Measuring Speed We monitor motor speed by attaching encoders to the motor shaft; encoders use optical, mechanical, or magnetic switches to generate pulses as the motor rotates; the faster the motor spins, the faster the pulses arrive. We can even count pulses to determine exactly how far the motor has moved.

Closed Loop Control Talons use encoders to achieve "closed-loop" control: your program sets the Talon to achieve a particular speed (rate) or position (displacement) and the Talon automatically and continuously adjusts power to the motor, measures the speed or position with an encoder, and adjusts power again to keep the motor at the desired speed or position.

In the real world, closed-loop control is tricky: the Talon must account for changing loads on the motor and the inertia of its mechanisms (arm, entire robot, etc.). If motor power is adjusted too quickly, the motor can overshoot its goal; if power is adjusted too slowly, the mechanism may not respond to changes in a timely fashion. The control loop can even become unstable and oscillate around its target.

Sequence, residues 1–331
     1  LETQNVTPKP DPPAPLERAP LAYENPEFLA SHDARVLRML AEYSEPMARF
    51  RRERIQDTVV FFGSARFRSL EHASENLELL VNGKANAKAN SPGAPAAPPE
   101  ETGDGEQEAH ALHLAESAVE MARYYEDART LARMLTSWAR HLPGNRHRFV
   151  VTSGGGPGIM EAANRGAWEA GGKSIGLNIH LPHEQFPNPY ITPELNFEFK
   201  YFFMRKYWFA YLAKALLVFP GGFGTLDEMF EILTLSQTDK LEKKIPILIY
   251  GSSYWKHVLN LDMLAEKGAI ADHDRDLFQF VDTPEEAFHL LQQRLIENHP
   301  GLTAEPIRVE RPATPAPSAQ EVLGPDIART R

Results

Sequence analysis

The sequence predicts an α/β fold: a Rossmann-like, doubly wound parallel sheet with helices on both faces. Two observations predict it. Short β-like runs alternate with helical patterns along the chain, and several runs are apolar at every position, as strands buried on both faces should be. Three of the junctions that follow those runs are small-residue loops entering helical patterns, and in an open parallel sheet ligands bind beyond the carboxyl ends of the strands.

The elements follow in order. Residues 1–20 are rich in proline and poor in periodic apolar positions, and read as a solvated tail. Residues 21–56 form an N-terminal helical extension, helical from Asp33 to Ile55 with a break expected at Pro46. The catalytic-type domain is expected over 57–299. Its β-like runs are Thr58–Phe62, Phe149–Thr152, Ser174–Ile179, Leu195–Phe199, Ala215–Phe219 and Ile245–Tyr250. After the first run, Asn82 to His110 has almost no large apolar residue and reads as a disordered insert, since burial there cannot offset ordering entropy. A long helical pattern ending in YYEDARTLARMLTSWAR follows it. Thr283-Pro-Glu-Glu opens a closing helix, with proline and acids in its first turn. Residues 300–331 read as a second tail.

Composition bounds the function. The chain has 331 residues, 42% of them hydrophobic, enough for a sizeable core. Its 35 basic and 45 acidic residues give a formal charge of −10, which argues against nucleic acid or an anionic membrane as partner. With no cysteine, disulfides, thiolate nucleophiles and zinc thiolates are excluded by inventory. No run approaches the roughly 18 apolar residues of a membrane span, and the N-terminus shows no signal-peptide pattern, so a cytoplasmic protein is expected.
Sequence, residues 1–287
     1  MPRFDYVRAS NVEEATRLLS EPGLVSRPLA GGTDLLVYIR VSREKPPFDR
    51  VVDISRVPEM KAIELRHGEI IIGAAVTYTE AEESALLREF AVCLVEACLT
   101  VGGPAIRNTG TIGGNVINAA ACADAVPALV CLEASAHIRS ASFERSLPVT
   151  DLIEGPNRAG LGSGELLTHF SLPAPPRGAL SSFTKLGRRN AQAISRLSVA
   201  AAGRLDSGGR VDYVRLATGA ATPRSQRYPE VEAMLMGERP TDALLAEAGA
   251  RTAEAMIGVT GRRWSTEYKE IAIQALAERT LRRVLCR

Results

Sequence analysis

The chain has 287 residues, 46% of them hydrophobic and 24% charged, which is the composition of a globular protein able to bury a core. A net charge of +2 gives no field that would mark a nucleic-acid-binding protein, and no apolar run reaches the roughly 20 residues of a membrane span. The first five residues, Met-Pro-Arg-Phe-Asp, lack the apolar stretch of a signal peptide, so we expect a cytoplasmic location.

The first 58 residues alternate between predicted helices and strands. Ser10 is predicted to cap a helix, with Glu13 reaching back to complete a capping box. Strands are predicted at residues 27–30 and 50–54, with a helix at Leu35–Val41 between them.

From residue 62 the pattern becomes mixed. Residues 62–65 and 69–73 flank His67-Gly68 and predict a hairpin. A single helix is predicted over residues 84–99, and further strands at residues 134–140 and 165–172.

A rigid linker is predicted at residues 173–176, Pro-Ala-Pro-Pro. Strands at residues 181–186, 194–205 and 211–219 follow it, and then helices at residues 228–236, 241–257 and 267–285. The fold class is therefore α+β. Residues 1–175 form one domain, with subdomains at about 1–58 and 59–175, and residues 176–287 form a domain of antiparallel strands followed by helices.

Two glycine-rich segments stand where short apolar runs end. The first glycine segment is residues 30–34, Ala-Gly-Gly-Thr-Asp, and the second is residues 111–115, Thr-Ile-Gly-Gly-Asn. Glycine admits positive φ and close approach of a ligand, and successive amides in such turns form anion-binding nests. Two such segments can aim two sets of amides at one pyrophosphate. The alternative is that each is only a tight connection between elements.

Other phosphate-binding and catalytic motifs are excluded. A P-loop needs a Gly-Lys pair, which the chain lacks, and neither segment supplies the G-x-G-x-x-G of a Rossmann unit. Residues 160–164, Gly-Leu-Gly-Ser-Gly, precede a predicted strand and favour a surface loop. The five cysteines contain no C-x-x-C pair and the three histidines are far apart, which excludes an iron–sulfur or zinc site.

PID Control Closed-loop motor control (including the software built into the Talons) typically uses PID control loops to achieve the mechanism's control objectives: balancing responsiveness with stability. PID control considers 3 factors (P, I, D) when deciding how to adjust motor power to balance responsiveness (how fast the motor responds to changes) with stability (not over/under shooting the target). Because motors drive different mechanisms with different loads, inertia, speeds, and responsiveness requirements, you must tune the PID factors properly for each Talon when you configure it for close-loop control; this page discusses in plain language what that means.